62 Catheter replacement strategies CVAD 31Do not use guide wire assisted catheter exchange for patients with catheter related infection. If continued vascular access is required, remove the implicated catheter, and replace it with another catheter at a different insertion site. Class A CVAD 32Replace all fluid administration tubing and connectors when the central venous access device is replaced. Class D/GPP Next BackMain MenuSection Menu

63 General principles for catheter management Aseptic technique is important when accessing the system Inline filters do not help prevent infections Antibiotic lock solutions have limited uses in preventing infection Systemic antibiotic prophylaxis does not reliably prevent CR-BSI A dedicated catheter lumen is needed for parenteral nutrition Maintaining CVAD patency and preventing catheter thrombosis may help prevent infections Needle-free devices require vigilance when they are used according to the manufacturers' recommendations, they do not substantially affect the incidence of CR-BSI Intravenous administration sets should be changed appropriately Next BackMain MenuSection Menu

64 General principles for catheter management CVAD 33A single patient use application of alcoholic chlorhexidine gluconate solution (preferably 2% chlorhexidine gluconate in 70% isopropyl alcohol) should be used and allowed to dry when decontaminating the injection port or catheter hub before and after it has been used to access the system, unless contraindicated by the manufacturer’s recommendations, in which case either aqueous chlorhexidine gluconate or aqueous povidone iodine should be used. Class D/GPP CVAD 34In-line filters should not be used routinely for infection prevention purposes. Class D CVAD 35Antibiotic lock solutions should not be used routinely to prevent catheter-related bloodstream infections. Class D CVAD 36Do not routinely administer intranasal or systemic antimicrobials before insertion or during the use of a central venous access device to prevent catheter colonisation or bloodstream infection. Class A Next BackMain MenuSection Menu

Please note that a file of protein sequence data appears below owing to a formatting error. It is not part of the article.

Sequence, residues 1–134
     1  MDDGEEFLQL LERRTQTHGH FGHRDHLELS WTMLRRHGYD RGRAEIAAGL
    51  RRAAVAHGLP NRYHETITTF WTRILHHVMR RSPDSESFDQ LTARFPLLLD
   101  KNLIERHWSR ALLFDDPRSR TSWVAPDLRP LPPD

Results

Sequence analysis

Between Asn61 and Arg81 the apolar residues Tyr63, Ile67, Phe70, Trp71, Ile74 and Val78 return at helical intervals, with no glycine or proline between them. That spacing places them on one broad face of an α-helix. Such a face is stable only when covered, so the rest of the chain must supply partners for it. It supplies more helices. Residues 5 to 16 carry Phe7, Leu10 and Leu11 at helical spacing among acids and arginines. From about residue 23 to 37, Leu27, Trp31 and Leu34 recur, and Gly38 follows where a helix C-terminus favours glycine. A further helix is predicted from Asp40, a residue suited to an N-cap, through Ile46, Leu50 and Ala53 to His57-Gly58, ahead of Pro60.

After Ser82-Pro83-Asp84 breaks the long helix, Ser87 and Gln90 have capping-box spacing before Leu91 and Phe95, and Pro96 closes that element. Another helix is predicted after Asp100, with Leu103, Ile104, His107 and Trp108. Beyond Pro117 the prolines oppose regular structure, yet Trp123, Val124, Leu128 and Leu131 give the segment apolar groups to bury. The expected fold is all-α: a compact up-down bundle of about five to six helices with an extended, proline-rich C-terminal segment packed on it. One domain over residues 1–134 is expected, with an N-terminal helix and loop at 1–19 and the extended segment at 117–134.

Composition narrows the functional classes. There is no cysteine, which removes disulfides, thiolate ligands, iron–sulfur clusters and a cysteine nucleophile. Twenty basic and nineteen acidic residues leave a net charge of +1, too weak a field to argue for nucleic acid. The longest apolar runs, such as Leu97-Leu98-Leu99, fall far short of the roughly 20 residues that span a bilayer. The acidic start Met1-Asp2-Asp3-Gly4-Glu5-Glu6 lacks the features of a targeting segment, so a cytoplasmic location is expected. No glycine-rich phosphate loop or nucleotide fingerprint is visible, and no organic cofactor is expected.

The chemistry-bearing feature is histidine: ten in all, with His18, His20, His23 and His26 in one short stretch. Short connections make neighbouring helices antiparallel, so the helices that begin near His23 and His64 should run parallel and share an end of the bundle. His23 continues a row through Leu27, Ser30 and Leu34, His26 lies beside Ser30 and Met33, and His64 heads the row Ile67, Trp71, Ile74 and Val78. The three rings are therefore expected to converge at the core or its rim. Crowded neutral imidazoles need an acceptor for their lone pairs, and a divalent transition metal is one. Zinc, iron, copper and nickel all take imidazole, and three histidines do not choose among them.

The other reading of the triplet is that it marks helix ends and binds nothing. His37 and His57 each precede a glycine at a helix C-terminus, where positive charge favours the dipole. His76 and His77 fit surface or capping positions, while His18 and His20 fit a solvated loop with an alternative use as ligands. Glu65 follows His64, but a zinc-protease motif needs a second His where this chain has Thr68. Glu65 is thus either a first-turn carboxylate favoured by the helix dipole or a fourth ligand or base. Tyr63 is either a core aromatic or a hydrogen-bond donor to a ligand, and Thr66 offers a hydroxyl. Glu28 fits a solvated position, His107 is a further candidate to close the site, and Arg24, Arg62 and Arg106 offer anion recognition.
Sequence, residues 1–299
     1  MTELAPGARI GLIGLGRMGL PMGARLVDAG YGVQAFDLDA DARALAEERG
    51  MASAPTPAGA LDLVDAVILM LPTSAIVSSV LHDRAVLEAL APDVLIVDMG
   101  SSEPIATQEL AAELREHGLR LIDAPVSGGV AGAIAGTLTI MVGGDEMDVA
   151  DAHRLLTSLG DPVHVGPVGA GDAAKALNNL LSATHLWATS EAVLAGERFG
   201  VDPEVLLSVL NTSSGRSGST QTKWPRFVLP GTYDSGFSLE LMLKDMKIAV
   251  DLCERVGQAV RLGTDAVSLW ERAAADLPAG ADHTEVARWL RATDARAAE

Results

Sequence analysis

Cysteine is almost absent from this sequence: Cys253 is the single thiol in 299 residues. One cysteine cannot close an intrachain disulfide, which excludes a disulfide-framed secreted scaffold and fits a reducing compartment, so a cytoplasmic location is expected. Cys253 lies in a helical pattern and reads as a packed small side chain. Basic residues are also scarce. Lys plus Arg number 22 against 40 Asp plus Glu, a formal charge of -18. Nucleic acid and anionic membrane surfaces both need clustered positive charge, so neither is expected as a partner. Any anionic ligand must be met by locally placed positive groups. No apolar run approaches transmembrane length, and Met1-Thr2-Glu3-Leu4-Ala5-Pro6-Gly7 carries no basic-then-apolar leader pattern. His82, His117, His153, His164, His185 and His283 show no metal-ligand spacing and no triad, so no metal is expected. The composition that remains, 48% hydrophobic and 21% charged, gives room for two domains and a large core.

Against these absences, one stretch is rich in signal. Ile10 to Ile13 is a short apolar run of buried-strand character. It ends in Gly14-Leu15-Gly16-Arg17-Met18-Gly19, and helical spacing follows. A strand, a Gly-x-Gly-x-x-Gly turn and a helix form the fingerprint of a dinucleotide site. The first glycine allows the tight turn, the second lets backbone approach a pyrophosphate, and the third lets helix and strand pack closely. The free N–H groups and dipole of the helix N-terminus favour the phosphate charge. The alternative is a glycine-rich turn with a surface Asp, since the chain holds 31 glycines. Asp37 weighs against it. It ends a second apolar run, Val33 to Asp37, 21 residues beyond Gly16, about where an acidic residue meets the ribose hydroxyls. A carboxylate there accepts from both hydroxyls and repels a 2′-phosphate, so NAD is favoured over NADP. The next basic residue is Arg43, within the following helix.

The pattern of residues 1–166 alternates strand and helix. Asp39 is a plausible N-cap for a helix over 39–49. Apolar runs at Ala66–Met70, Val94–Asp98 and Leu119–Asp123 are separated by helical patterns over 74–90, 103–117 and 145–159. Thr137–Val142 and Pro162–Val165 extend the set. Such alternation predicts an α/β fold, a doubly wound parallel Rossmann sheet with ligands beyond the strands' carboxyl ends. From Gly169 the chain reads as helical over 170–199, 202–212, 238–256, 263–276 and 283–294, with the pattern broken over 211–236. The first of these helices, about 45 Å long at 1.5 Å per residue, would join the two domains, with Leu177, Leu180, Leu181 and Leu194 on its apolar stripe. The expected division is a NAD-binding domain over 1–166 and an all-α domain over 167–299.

65 General principles for catheter management CVAD 37Preferably, a single-lumen catheter should be used to administer parenteral nutrition. If a multilumen catheter is used, one port must be exclusively dedicated for hyperalimentation and all lumens must be handled with the same meticulous attention to aseptic technique. Class D CVAD 38Preferably, sterile 0.9 percent sodium chloride for injection should be used to flush and lock catheter lumens that are in frequent use. Class A CVAD 39When recommended by the manufacturer, implanted ports or opened- ended catheter lumens should be flushed and locked with heparin sodium flush solutions. Class D CVAD 40Systemic anticoagulants should not be used routinely to prevent catheter-related bloodstream infection. Class D Next BackMain MenuSection Menu

66 General principles for catheter management CVAD 41The introduction of new intravascular devices that include needle-free devices should be monitored for an increase in the occurrence of device associated infection. If an increase in infection rates is suspected, this should be reported to the Medicines and Healthcare products Regulatory Agency [http://www.mhra.gov.uk] Class D/GPP CVAD 42If needle-free devices are used, the manufacturer’s recommendations for changing the needle-free components should be followed. Class D/GPP CVAD 43When needle-free devices are used, healthcare workers should ensure that all components of the system are compatible and secured, to minimise leaks and breaks in the system. Class D/GPP CVAD 44When needle-free devices are used, the risk of contamination should be minimised by decontaminating the access port before and after use with a single patient use application of alcoholic chlorhexidine gluconate solution (preferably 2% chlorhexidine gluconate in 70% isopropyl alcohol) unless contraindicated by the manufacturer’s recommendations, in which case aqueous povidone iodine should be used. Class D Next BackMain MenuSection Menu

67 General principles for catheter management CVAD 45In general, solution administration sets in continuous use need not be replaced more frequently than at 72 hour intervals unless they become disconnected or a central venous access device is replaced Class A CVAD 46Administration sets for blood and blood components should be changed when the transfusion episode is complete or every 12 hours (whichever is sooner), or according to the manufacturer’s recommendations. Class D CVAD 47Administration sets used for total parenteral nutrition infusions should generally be changed every 24 hours. If the solution contains only glucose and amino acids, administration sets in continuous use do not need to be replaced more frequently than every 72 hours. Class D Next BackMain MenuSection Menu

68 Class A recommendations Next BackMain Menu Classification of recommendations ClassEvidence AAt least one meta-analysis, systematic review, or randomised controlled trial (RCT) that is rated as 1++, and is directly applicable to the target population, or A systematic review of RCT or a body of evidence that consists principally of studies rated as 1+, is directly applicable to the target population and demonstrates overall consistency of results Evidence drawn from a NICE technology appraisal